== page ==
Porter, Katherine Anne (Vol. 27)
Katherine Anne Porter 1890–1980
American short story writer, novelist, and critic.
Porter is widely acknowledged to be one of midcentury America's finest writers of short fiction. An excellent stylist, Porter endowed her work with precision of image and detail. Her perceptive psychological studies depend on a moment of illumination rather than action to express the truth of an experience. The novellas "Noon Wine" (1937) and "Pale Horse, Pale Rider" (1939) are usually lauded as her best work and considered almost perfect examples of the genre. However, it was her long-awaited novel, Ship of Fools (1962), which brought Porter wide readership and financial success.
The publication of Ship of Fools was a significant literary event since Porter's reputation had already been established as an expert in short fiction. Written over a twenty-year period when Porter was busy lecturing, traveling, and doing other writing, the novel describes an ill-assorted group of tourists traveling by ship from Vera Cruz to Bremerhaven in 1931. The novel has been seen as an allegory showing the moral malaise of the world drifting into World War II. While the initial reaction was enthusiastic for the most part, subsequent revaluations focussed on the shallowness of its stereotyped characterizations, the lack of plot development, and the falsity of its prophetic tone. Most commentators concluded that Porter's excellence in short fiction could not be sustained in a longer work.
Many of Porter's fictional themes and subjects are drawn from her life. Born into a poor Southern family and losing her mother and grandmother as a child, Porter determined to make something of herself and left the South for extensive sojourns in Mexico, Europe, and other parts of the United States. From her Mexican experience came such renowned stories as "María Conception" (1922), and "Hacienda" (1934). From her trips to Europe came an early short story about an American in Nazi Germany, "The Leaning Tower" (1944), and Ship of Fools. Her best work centers on her fictional counterpart, Miranda, a young girl growing up in the South. Miranda is the protagonist of "Pale Horse, Pale Rider," a sensitive love story touched by the tragedy of war. Other Miranda stories deal with the social and human initiation of a young girl growing up in a South coming to terms with its past. "Noon Wine" is also set in the South and perhaps best illustrates the overriding theme in Porter's work: that the basic humanity of people is often corrupted by outside forces. Many commentators feel that these stories reflect Porter's reconciliation with early memories and her unbreakable ties with the South.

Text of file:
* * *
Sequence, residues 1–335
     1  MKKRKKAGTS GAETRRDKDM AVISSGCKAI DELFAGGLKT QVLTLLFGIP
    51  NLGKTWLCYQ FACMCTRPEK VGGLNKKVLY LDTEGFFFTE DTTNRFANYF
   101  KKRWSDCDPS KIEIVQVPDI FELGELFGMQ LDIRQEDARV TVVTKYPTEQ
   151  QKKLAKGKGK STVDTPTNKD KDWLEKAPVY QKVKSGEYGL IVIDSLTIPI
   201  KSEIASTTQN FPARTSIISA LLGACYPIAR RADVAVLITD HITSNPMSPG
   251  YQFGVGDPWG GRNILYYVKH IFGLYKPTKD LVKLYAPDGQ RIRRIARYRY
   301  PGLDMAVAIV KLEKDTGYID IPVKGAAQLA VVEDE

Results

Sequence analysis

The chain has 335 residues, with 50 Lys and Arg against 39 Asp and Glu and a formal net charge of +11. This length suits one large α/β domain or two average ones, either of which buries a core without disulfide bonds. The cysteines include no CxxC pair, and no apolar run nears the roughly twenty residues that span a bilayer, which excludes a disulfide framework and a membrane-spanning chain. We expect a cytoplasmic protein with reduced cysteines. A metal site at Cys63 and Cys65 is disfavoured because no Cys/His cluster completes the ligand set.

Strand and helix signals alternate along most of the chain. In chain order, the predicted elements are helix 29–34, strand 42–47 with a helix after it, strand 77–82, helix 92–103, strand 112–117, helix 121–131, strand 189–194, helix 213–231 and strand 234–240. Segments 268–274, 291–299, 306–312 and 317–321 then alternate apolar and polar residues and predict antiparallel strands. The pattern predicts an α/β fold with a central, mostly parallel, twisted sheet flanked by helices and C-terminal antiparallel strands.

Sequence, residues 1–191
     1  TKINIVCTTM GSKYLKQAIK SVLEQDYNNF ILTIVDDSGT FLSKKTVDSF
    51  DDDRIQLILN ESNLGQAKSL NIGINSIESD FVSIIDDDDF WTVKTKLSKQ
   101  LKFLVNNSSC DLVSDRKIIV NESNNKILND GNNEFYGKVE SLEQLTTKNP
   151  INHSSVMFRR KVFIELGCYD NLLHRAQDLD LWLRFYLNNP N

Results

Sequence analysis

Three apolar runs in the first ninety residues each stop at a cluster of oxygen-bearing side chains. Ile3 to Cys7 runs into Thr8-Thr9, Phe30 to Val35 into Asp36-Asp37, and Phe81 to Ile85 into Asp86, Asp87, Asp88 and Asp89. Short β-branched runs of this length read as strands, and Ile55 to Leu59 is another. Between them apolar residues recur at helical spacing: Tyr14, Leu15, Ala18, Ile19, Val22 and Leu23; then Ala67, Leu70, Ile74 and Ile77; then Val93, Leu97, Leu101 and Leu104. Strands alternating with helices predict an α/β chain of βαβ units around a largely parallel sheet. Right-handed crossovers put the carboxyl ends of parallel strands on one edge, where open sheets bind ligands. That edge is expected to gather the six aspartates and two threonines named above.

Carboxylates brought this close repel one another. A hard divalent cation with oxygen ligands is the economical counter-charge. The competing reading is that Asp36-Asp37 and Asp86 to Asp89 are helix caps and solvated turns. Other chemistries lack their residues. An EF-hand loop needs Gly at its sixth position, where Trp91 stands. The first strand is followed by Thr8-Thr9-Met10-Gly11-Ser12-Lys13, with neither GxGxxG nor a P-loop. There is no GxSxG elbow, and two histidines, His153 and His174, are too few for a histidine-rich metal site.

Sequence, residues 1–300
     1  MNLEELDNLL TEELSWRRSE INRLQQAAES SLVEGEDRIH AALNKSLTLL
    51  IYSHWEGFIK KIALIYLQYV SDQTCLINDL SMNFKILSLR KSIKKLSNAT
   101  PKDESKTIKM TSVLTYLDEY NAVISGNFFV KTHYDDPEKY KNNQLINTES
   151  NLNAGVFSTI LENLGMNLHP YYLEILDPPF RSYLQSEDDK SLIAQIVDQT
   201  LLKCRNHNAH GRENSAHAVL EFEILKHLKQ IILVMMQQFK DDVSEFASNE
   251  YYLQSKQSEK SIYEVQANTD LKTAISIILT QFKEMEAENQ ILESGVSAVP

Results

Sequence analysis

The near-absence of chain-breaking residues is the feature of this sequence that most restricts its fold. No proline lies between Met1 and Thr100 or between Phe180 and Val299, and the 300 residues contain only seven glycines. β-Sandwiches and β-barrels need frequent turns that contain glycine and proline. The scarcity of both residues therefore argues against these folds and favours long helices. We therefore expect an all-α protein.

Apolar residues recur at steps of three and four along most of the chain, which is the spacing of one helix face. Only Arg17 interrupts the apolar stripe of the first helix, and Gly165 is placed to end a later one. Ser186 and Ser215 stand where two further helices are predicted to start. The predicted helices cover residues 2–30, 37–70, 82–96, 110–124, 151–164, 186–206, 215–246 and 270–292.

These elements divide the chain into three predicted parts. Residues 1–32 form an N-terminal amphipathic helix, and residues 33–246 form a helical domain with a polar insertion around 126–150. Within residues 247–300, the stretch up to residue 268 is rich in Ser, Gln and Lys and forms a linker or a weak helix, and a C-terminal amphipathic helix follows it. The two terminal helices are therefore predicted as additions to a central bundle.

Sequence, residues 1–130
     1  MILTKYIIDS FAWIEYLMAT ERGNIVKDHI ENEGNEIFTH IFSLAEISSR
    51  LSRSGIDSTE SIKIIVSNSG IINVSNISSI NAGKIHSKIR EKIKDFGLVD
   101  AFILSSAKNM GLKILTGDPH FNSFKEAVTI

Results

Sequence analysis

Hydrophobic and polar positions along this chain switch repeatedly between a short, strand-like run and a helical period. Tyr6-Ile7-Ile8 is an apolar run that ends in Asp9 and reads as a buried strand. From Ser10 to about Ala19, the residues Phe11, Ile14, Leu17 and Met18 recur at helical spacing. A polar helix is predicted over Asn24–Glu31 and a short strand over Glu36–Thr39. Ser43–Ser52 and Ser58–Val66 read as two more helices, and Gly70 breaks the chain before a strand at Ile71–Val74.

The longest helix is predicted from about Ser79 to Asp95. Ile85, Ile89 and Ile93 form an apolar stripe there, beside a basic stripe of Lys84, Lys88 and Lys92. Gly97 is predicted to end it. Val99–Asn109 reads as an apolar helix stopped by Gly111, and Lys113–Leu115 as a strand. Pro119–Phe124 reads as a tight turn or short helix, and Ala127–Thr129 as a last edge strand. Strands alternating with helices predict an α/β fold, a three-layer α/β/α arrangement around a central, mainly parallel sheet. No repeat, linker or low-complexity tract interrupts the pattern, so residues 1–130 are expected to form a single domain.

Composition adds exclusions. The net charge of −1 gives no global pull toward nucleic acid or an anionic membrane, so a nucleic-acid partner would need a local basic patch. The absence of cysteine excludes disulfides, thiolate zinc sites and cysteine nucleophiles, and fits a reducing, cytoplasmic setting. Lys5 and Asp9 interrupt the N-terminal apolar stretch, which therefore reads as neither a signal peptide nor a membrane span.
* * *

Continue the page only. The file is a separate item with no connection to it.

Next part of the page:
(See also CLC, Vols. 1, 3, 7, 10, 13, 15; Contemporary Authors, Vols. 1-4, rev. ed., Vol. 101 [obituary]; Contemporary Authors New Revision Series, Vol. 1; Something about the Author, Vol. 23; Dictionary of Literary Biography, Vols. 4, 9; and Dictionary of Literary Biography Yearbook: 1980.)
I have the most common type of mind, the visual, and when first I began to read her stories it stood in the way of my trust in my own certainty of what was there that, for all my being bowled over by them, I couldn't see them happening. This was a very good thing for me. As her work has done in many other respects, it has shown me a thing or two about the eye of fiction, about fiction's visibility and invisibility, about its clarity, its radiance.
Heaven knows she can see…. There is, above all, "Noon Wine" to establish it forever that when she wants a story to be visible, it is. "Noon Wine" is visible all the way through, full of scenes charged with dramatic energy; everything is brought forth into movement, dialogue; the title itself is Mr. Helton's tune on the harmonica. "Noon Wine" is the most beautifully objective work she has done. And nothing has been sacrificed to its being so (or she wouldn't have done it); to the contrary. I find Mr. Hatch the scariest character she ever made, and he's just set down there in Texas, like a chair. There he stands, part of the everyday furniture of living. He's opaque, and he's the devil. Walking in at Mr. Thompson's gate—the same gate by which his tracked-down victim walked in first—he is that much more horrifying, almost too solid to the eyes to be countenanced. (So much for the visual mind.)
Katherine Anne Porter has not in general chosen to cast her stories in scenes. Her sense of human encounter is profound, is fundamental to her work, I believe, but she has not often allowed it the dramatic character it takes in "Noon Wine." We may not see the significant moment happen within the story's present; we may not watch it occur between the two characters it joins. Instead, a silent blow falls while one character is alone—the most alone in his life, perhaps…. Often the revelation that pierces a character's mind and heart and shows him his life or his death comes in a dream, in retrospect, in illness or in utter defeat, the moment of vanishing hope, the moment of dying. What Miss Porter makes us see are those subjective worlds of hallucination, obsession, fever, guilt. The presence of death hovering about Granny Weatherall she makes as real and brings as near as Granny's own familiar room that stands about her bed—realer, nearer, for we recognize not only death's presence but the character death has come in for Granny Weatherall.
The flash of revelation is revelation but is unshared. But how unsuspecting we are to imagine so for a moment—it is shared, and by ourselves, her readers, who must share it feeling the doubled anguish of knowing this fact, doubled still again when it is borne in upon us how close to life this is, to our lives. (pp. 30-2)
Katherine Anne Porter shows us that we do not have to see a story happen to know what is taking place. For all we are to know, she is not looking at it happen herself when she writes it; for her eyes are always looking through the gauze of the passing scene, not distracted by the immediate and transitory; her vision is reflective.